By Qin Sun Stubis
(originally published in the Santa Monica Star)
When the ancient Romans named March after the God of war, men ruled the world. It would have been hard to imagine then that Joan of Arc, a petite woman, would one day lead a French army to victory, or that March would one day be declared Women’s History Month. Yes, just as “Manuary” is celebrated in January to raise awareness for prostate cancer and “Movember” dedicates November to other male causes, March is now reserved for the glory of women.
The history of women didn’t start out too impressively. The mother of all mothers, Eve, sometimes seems to have been a second thought, an accessory to God’s creation, Adam. Today, we might fear for Eve’s self-esteem as she found out that she was made from Adam’s rib and existed primarily to serve him. There were no historians around to record her reaction, but did she realize her predicament and try to outsmart Adam, turning the tables on him and upsetting the political applecart by tempting him with a certain fruit? Whatever her motive, both Adam and Eve were expelled to a supposedly less perfect world where history, leadership, and innovation are the legacy of men and women alike.
Whatever their accomplishments, Eve’s female descendents inherited various degrees of her beauty, kindness and wisdom. They have used their supportive softer side to nurture the world, raising their young, helping their parents, and, yes, even serving their husbands. Since the beginning of time, women have stood side by side with men. They have made up half our civilization. Yet their contributions to the world have often been minimized.
For centuries, women have fought hard all over the world to have their voices heard. They fought to get an education, to choose their own husband, to vote, to govern, and to be equal to men. While women in some parts of the world have achieved more equality, others are still struggling. Looking back at women’s lives in the past–especially those of our own family members–helps us to understand in a very personal way how our history has been evolving through time.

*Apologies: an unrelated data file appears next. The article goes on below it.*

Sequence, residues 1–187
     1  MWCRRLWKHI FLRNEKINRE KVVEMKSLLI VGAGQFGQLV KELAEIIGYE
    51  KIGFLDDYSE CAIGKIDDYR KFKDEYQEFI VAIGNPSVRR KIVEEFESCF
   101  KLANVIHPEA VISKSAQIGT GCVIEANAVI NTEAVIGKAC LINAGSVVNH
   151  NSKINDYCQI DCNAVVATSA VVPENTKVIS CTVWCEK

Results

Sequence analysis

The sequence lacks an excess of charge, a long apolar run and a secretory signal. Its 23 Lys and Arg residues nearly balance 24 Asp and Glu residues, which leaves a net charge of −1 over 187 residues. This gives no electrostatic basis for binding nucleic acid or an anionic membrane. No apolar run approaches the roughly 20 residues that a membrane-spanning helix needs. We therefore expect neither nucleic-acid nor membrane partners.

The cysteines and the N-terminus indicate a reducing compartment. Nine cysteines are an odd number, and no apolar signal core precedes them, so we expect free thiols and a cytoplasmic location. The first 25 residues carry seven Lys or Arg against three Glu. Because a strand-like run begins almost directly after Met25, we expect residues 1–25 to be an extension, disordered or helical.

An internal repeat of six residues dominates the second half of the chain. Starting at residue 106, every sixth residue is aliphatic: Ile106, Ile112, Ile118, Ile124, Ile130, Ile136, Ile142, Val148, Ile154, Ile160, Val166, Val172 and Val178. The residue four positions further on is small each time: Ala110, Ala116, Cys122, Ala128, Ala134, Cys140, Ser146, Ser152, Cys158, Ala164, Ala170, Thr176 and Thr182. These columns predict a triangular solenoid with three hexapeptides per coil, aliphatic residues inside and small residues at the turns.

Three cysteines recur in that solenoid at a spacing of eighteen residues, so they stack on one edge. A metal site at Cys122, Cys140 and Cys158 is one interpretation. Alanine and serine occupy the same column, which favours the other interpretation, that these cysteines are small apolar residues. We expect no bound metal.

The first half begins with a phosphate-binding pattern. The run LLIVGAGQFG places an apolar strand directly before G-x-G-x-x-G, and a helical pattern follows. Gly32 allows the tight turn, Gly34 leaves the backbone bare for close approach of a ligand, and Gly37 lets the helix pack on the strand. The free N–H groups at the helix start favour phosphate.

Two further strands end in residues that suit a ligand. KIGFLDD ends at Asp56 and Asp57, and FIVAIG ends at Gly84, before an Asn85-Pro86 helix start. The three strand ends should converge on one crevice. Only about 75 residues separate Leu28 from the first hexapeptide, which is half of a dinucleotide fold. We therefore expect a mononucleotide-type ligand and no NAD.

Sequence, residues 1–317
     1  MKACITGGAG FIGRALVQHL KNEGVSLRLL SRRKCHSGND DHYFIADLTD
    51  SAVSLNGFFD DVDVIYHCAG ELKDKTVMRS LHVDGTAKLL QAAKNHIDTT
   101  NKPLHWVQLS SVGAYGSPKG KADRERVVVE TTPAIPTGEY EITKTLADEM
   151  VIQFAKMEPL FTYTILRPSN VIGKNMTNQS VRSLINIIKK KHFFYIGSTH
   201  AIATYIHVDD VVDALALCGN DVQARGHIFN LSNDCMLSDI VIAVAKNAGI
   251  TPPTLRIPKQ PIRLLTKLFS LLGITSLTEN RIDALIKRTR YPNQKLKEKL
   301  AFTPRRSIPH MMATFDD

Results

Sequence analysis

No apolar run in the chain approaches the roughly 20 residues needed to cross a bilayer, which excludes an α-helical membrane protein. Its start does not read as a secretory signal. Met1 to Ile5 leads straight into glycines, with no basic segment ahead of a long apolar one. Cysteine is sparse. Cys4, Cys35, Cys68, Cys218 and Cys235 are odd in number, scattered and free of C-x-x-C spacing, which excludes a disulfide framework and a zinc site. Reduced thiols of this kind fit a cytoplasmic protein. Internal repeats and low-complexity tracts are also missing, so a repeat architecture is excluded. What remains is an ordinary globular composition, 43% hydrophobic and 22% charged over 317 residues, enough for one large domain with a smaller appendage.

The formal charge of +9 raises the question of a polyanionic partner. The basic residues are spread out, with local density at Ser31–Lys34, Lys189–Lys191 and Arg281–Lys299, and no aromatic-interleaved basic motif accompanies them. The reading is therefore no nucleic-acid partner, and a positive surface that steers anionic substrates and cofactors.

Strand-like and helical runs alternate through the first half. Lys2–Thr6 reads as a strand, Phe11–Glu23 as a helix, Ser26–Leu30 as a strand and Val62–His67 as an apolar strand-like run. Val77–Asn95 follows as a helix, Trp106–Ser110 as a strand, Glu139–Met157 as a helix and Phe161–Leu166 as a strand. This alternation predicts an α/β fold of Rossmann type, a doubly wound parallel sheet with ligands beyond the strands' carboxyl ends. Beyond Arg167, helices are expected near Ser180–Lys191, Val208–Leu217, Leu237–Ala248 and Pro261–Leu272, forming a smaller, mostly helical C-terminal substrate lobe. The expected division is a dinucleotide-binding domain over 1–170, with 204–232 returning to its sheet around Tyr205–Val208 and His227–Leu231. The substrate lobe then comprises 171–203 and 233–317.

Take my own family as an example: I had three grandmothers. None of them received any education and all of them had arranged marriages. Dating, falling in love, and going to work were not options for them. They were from well-off families and lived at a time when girls were house-bound and “kept safe,” learning chores such as knitting, sewing, and embroidery.
One of my grandmothers had six-inch-long bound feet and another died of TB at the age of 39. My mother was luckier. She was home-schooled by my grandfather and learned how to read and write. She broke tradition, left home, and got a job. And she married the man she loved. Her only regret was that she never received a formal education. But, she took comfort in the fact that all of her four daughters not only graduated from high school but went on to college. Three earned Master’s Degrees. She was content that her daughters grew up to become professional women and chose their own life paths, something she and her mothers dared not dream.
This March, I challenge every woman to take a look at her own family women’s history. Trace back as many generations of women as possible and discover what they did at various stages of their lives under what kind of historical circumstances. Find out if any great moments in history affected their lives, and vice versa.
Knowing whether our great grandmother ever went to school, lived through a war, or attended a civil-rights demonstration helps us to appreciate our own lives and rights today, and to understand how hard our foremothers fought for us. By educating ourselves about our own history, we modern Eves can take even greater pride in who we are today.
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